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Going for Broke: Things to Consider When Investing Without a Broker

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Most investors work with a broker to help them find and purchase the right stocks for their portfolio. However, you can go it alone if you prefer. When investing without a broker, there are a few things you need to consider to ensure your money is as safe as possible and make it work hard for you.

Understand How to Buy Stocks Through a Direct Stock Purchase Plan

Many companies listed on the stock exchange allow you to buy shares directly from their transfer agent, without using a broker. This process cuts out the middleman and can lead to you saving a lot of money in broker’s fees. However, not all companies listed on the stock exchange offer a direct stock purchase plan. To find out whether a company you want to invest in allows investors to buy shares in this way, go to the company website and look for a section titled “investor relations“.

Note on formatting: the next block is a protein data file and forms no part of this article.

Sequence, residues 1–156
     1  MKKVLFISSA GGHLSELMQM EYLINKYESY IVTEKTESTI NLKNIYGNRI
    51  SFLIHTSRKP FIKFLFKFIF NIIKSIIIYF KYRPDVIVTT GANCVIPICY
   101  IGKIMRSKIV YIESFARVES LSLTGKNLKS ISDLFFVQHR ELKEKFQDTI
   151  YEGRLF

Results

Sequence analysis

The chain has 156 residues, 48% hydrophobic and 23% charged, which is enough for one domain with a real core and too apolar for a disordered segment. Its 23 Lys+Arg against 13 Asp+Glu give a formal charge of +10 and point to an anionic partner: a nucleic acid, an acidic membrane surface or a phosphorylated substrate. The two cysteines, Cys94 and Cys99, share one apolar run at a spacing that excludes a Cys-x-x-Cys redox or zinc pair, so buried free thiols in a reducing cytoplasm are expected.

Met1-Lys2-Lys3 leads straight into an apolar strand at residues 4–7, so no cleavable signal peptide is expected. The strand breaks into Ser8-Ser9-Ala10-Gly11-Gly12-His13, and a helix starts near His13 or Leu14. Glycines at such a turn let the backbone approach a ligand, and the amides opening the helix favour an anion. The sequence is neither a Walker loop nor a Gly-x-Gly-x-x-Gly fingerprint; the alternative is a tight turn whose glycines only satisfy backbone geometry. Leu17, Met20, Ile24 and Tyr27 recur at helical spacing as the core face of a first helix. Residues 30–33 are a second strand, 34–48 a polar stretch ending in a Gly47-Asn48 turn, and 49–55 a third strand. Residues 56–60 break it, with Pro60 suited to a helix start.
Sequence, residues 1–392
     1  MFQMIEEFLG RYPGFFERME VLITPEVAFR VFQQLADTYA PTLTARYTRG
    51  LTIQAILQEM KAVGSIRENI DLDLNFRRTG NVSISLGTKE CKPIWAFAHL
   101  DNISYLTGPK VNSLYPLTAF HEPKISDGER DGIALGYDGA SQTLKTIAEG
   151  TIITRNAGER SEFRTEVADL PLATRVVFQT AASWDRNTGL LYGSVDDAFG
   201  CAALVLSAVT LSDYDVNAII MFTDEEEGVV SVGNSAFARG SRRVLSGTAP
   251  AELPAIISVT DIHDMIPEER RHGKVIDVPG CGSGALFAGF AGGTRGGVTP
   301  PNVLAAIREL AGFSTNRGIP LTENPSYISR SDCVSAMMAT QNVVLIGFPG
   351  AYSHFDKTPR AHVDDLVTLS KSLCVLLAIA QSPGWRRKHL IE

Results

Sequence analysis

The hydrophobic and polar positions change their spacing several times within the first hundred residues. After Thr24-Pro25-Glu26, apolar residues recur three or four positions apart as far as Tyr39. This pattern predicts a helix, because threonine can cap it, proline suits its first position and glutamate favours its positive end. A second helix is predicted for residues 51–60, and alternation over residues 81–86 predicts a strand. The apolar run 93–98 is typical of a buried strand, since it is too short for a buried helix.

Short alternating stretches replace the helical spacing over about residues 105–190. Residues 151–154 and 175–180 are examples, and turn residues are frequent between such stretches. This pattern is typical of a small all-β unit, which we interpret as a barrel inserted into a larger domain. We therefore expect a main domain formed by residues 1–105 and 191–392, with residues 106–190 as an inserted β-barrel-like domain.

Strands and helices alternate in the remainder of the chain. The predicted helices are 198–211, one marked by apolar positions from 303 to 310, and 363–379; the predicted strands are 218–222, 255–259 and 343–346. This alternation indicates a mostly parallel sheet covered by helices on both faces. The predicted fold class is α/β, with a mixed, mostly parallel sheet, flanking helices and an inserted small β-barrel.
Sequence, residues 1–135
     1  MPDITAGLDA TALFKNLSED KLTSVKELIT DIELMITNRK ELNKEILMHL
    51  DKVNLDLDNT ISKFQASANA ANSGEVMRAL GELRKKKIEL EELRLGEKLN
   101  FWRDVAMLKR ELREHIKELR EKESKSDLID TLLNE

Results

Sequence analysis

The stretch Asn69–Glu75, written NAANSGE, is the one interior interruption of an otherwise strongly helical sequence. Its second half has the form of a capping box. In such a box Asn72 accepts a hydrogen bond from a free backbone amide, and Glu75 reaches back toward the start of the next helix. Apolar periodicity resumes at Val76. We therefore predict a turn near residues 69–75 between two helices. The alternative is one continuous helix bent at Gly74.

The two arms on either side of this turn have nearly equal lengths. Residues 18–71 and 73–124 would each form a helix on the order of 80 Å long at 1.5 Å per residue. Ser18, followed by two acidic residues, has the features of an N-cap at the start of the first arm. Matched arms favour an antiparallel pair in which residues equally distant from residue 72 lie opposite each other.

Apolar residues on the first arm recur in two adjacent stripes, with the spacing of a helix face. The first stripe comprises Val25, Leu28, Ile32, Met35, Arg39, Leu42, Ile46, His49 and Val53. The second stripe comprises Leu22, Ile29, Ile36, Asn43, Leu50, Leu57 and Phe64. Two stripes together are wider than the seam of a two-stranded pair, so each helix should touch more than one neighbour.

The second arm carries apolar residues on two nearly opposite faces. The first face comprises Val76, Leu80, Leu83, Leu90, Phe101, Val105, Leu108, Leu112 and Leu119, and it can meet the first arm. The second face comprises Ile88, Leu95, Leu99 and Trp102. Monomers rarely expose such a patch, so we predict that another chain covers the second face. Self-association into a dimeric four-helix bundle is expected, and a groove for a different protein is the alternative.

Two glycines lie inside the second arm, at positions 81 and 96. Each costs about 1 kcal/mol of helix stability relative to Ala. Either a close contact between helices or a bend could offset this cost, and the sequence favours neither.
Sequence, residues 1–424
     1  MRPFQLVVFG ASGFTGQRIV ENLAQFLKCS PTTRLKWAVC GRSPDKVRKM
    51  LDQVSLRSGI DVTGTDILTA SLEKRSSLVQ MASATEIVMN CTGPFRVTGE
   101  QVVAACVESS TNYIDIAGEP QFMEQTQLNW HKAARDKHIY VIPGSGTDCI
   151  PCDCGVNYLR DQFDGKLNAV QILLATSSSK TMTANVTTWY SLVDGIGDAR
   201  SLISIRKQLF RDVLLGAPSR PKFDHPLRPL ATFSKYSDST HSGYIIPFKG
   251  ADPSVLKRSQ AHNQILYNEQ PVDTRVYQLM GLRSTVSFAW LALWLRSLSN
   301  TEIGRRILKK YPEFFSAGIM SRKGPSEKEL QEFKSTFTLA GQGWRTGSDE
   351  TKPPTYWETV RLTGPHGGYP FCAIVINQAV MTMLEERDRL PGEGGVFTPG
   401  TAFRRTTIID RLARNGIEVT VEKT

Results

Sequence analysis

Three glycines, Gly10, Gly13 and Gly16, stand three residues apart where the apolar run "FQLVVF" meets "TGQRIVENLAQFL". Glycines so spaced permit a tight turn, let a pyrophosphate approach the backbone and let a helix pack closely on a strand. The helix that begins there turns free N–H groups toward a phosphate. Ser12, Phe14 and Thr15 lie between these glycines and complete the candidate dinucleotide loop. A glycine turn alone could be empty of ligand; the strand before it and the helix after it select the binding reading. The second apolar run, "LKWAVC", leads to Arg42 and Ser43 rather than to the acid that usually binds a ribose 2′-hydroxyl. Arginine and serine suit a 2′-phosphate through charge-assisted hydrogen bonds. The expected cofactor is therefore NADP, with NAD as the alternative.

Consider the Direct Stock Purchase Plan Fees

The fees you have to pay to open and use a direct stock purchase plan depend on the company you want to invest in. In general, most direct purchase plans carry a fee for setting up the account, which is usually between $5 and $20. You can also expect to pay transaction fees ranging from roughly $0.03 to $0.10 per share when buying shares and $15 plus $0.12 per share when selling shares.

Decide How Much You Can Afford to Invest and Over What Time Period